David Cameron: 'Britain must be at the heart of shale gas revolution'

 

Britain must be at the heart of a “shale gas revolution”, David Cameron has said, which could bring down energy prices and help “re-industrialise” the economy.

Giving his public backing for plans to exploit the country’s onshore gas reserves – which is expected to be given the go-ahead by the Government very shortly – Mr Cameron said the new technology could transform our energy supplies.

But his stance was attacked by climate change scientists and energy experts who warned his dash-to-gas policy was “misleading and dangerous”.

Giving evidence to MPs Mr Cameron pointed to America where fracking for shale gas had allowed the country to become virtually self-sufficient in gas.

He said he wanted Britain to play a full part in the “revolution underway” and criticised environmentalists who were opposed to exploiting the technology.

“I think some in the green movement really want us to rule out gas and opt right now for nuclear plus renewables plus energy efficiency. Zip. That’s it,” he said.

“I think that would be a mistake. It maybe that this gas revolution is really quite transformative and there is going to be a lot more gas and the price won’t be as expensive as some people think. 

“We should take part in fracking because this might be a revolution and if we ignored it completely we could be giving our economy much higher energy prices than would otherwise be necessary.”

Drilling for the fuel, which is extracted by the controversial process of hydraulic fracturing or “fracking” the shale rock in which it is contained, has been suspended for 18 months since the fracking operations of the mining company Cuadrilla Resources, near Blackpool, caused a series of earth tremors.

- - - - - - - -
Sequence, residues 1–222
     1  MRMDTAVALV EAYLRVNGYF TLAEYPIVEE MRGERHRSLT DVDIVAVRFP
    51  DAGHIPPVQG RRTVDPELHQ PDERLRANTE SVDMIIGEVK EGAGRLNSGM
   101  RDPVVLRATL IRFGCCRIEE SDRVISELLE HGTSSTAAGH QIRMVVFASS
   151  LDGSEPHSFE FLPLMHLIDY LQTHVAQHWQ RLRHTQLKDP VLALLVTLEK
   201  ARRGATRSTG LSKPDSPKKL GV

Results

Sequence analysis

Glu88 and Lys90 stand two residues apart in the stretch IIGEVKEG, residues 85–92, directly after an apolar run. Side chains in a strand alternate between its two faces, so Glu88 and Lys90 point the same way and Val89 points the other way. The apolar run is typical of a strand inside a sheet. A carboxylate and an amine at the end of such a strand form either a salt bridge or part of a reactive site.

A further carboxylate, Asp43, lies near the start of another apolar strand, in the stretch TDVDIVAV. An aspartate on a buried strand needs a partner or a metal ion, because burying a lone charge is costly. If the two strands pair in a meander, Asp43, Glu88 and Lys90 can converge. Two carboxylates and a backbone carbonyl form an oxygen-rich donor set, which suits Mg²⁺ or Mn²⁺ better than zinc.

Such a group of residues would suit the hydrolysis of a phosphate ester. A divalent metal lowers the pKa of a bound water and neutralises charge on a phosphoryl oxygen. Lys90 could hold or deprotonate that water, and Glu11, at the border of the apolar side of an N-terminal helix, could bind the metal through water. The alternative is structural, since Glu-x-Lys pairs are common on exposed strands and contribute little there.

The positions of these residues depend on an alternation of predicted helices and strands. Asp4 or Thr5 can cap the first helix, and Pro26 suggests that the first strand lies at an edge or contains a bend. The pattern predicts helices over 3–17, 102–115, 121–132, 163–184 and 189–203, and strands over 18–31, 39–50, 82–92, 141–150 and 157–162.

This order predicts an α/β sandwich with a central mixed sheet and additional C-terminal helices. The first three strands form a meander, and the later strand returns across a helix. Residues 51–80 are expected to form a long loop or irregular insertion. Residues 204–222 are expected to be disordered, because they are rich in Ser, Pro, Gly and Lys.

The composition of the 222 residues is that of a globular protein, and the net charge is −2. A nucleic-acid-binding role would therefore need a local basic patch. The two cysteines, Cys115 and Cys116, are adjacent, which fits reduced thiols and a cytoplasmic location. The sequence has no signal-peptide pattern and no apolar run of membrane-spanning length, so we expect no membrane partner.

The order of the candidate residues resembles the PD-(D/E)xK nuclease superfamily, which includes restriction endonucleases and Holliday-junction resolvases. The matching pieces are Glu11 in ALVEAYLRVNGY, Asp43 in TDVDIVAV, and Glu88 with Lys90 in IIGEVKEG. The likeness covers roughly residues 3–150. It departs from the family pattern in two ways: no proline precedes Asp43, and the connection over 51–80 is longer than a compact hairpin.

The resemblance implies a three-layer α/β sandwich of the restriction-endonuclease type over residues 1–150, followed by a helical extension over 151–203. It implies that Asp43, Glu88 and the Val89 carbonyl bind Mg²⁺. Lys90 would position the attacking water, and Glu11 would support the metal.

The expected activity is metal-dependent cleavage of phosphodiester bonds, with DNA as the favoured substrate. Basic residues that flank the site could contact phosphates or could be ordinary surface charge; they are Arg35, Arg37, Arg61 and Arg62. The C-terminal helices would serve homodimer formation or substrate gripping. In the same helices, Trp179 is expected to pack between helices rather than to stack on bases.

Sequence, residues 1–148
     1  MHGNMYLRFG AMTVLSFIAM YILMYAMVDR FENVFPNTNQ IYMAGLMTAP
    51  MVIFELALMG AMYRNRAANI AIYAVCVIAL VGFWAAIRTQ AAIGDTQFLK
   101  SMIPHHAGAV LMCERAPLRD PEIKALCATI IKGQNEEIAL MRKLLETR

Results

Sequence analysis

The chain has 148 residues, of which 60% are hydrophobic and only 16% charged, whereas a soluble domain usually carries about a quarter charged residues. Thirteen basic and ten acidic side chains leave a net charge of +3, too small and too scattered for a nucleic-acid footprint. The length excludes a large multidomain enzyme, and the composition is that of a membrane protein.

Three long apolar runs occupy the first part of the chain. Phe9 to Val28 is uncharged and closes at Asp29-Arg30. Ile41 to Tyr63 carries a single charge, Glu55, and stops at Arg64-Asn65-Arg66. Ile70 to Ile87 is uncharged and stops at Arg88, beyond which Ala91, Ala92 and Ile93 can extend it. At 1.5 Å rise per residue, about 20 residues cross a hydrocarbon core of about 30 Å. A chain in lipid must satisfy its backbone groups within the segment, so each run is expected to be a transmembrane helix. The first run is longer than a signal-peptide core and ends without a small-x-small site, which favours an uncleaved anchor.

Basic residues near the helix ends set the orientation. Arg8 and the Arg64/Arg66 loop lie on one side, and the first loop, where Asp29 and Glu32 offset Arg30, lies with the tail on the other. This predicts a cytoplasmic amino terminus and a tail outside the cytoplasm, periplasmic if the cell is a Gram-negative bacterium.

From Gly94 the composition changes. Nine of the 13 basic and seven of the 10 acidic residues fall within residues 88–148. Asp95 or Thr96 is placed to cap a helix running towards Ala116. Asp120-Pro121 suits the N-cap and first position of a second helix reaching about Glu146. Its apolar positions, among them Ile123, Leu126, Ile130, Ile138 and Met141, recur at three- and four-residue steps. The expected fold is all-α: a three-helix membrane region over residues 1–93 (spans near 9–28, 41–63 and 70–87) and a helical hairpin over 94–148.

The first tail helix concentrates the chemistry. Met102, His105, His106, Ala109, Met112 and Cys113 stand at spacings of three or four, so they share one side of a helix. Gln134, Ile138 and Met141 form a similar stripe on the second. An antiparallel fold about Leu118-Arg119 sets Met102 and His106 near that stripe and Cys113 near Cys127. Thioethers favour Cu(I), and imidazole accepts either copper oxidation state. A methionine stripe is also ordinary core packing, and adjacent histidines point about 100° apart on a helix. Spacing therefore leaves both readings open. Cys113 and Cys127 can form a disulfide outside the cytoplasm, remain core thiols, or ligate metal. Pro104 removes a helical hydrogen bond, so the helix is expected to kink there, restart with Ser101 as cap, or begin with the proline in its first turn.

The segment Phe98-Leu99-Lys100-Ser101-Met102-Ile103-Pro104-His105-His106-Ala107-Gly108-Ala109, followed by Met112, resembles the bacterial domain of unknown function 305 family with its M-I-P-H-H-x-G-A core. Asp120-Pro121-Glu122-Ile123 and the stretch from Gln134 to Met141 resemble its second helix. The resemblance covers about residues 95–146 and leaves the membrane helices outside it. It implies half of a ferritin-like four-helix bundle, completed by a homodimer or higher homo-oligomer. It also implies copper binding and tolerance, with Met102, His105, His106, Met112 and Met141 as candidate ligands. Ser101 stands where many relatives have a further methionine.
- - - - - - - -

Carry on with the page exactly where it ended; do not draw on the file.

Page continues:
But an independent panel of scientists has said it could proceed with a strict safety regime, and in his Autumn Statement last week the Chancellor George Osborne signalled that fracking would soon be back with his announcement of a special new Office of Unconventional Gas and Oil. It is expected that formal permission for Cuadrilla to recommence operations will be given this week.

Professor Kevin Anderson, of the Tyndall Centre at the University of Manchester, told another cross-party committee of MPs that the development of British shale gas will prevent Britain meeting its international commitments on curbing global warming.

“If we are serious about climate change, if we quantify it in relation to our international commitments, we can be absolutely categorical that shale gas cannot be a transition fuel,” he said.

Professor Paul Stevens, a recent winner of the prestigious OPEC award for outstanding oil and energy research, condemned Mr Osborne’s autumn statement for implying that gas would be cheaper in the future and that the price decline would be the result of tapping Britain’s shale gas resources.

He argued that the gas price could well increase significantly, while any decrease “will certainly not be the result of any shale gas revolution in UK or Europe”.

Furthermore, Professor Stevens slammed Mr Osborne for failing to acknowledge - or show an interest in resolving - the huge uncertainty over how much shale gas Britain will actually be able to extract.